Marriage and children

On 28 May 1262, Philip married Isabella, daughter of King James I of Aragon and his second wife Yolande of Hungary. [53] They had the following children:

  1. Louis (1264 - May 1276). [54]
  2. Philip IV of France (1268 – 29 November 1314), his successor, married Joan I of Navarre [55]
  3. Robert (1269–1271) [56]
  4. Charles, Count of Valois (12 March 1270 – 16 December 1325), [57] Count of Valois from 1284, married first to Margaret of Anjou in 1290, second to Catherine I of Courtenay in 1302, and last to Mahaut of Chatillon in 1308
  5. Stillborn son (1271) [58]

After the death of Queen Isabella, he married on 21 August 1274 Marie, [53] daughter of the late Henry III, Duke of Brabant, and Adelaide of Burgundy, Duchess of Brabant. [59] Their children were:

  1. Louis, Count of Évreux (May 1276 – 19 May 1319), Count of Évreux from 1298, [57] married Margaret of Artois [60]
  2. Blanche of France, Duchess of Austria (1278 – 19 March 1305, Vienna), married Duke, the future king Rudolf I of Bohemia and Poland, on 25 May 1300. [60]
  3. Margaret of France, Queen of England (1282 – 14 February 1318), married King Edward I of England on 8 September 1299 [61]

Legacy

During Philip's reign the royal domain expanded, acquiring the County of Guînes in 1281 [62] , the County of Toulouse in 1271, the County of Alençon in 1286, the Duchy of Auvergne in 1271, and through the marriage of his son Philip, the Kingdom of Navarre. [37] He largely continued his father's policies and left his father's administrators in place. His attempt to conquer Aragon nearly bankrupted the French monarchy, causing financial challenges for his successor. [63]

Review from Dante

In the Divine Comedy , the Italian poet Dante envisions the spirit of Philip outside the gates of Purgatory with a number of other contemporary European rulers. Dante does not name Philip directly, but refers to him as "the small-nosed" [64] and "the father of the Pest of France," a reference to King Philip IV of France. [65]

Notes

  1. Hallam states Philip gained his nickname sometime before 1300, due to his prowess in Tunis or Spain. [1]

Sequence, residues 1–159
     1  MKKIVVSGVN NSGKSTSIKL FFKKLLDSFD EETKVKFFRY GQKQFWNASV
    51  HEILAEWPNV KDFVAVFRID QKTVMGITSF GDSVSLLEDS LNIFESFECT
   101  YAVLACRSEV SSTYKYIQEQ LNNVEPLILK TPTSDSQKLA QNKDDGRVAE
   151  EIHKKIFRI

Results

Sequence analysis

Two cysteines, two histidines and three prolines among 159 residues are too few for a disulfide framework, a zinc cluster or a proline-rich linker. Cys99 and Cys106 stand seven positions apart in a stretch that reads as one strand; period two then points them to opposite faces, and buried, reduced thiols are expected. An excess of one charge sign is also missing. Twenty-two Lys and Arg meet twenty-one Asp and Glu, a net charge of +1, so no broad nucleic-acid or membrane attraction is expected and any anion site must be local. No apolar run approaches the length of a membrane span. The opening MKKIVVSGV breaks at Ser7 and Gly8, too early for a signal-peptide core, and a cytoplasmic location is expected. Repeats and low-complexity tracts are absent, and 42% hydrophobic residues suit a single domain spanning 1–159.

2. Bradbury states it was Philip's distinct policies and how he implemented them that gained him his nickname [2]
  3. The disease in question was either dysentery or typhus. [13]

Related Research Articles

Alphonse, Count of Poitiers

Alphonse or Alfonso was the Count of Poitou from 1225 and Count of Toulouse from 1249. As count of Toulouse, he also governed the Marquisate of Provence.

The Capetian dynasty, also known as the House of France, is a dynasty of Frankish origin, and a branch of the Robertians. It is among the largest and oldest royal houses in Europe and the world, and consists of Hugh Capet, the founder of the dynasty, and his male-line descendants, who ruled in France without interruption from 987 to 1792, and again from 1814 to 1848. The senior line ruled in France as the House of Capet from the election of Hugh Capet in 987 until the death of Charles IV in 1328. That line was succeeded by cadet branches, the Houses of Valois and then Bourbon, which ruled without interruption until the French Revolution abolished the monarchy in 1792. The Bourbons were restored in 1814 in the aftermath of Napoleon's defeat, but had to vacate the throne again in 1830 in favor of the last Capetian monarch of France, Louis Philippe I, who belonged to the House of Orléans.

Philip IV of France King of France (1268-1314) (ruled 1285–1314)

Philip IV, called Philip the Fair, was King of France from 1285 to 1314. By virtue of his marriage with Joan I of Navarre, he was also King of Navarre as Philip I from 1284 to 1305, as well as Count of Champagne. Although Philip was known as handsome, hence the epithet le Bel, his rigid and inflexible personality gained him other nicknames, such as the Iron King. His fierce opponent Bernard Saisset, bishop of Pamiers, said of him: "he is neither man nor beast. He is a statue."

Louis X of France King of France

Louis X, called the Quarrelsome, the Headstrong, or the Stubborn, was King of France from 1314 to 1316, succeeding his father Philip IV. After the death of his mother, Joan I of Navarre, he was also King of Navarre as Louis I from 1305 until his death in 1316.

Louis VIII of France King of France

Louis VIII, nicknamed The Lion, was King of France from 1223 to 1226. From 1216 to 1217, he also claimed the Kingdom of England. Louis was the only surviving son of King Philip II of France by his first wife, Isabelle of Hainaut, from whom he inherited the County of Artois.

Eighth Crusade Crusade against Ifriqiya in 1270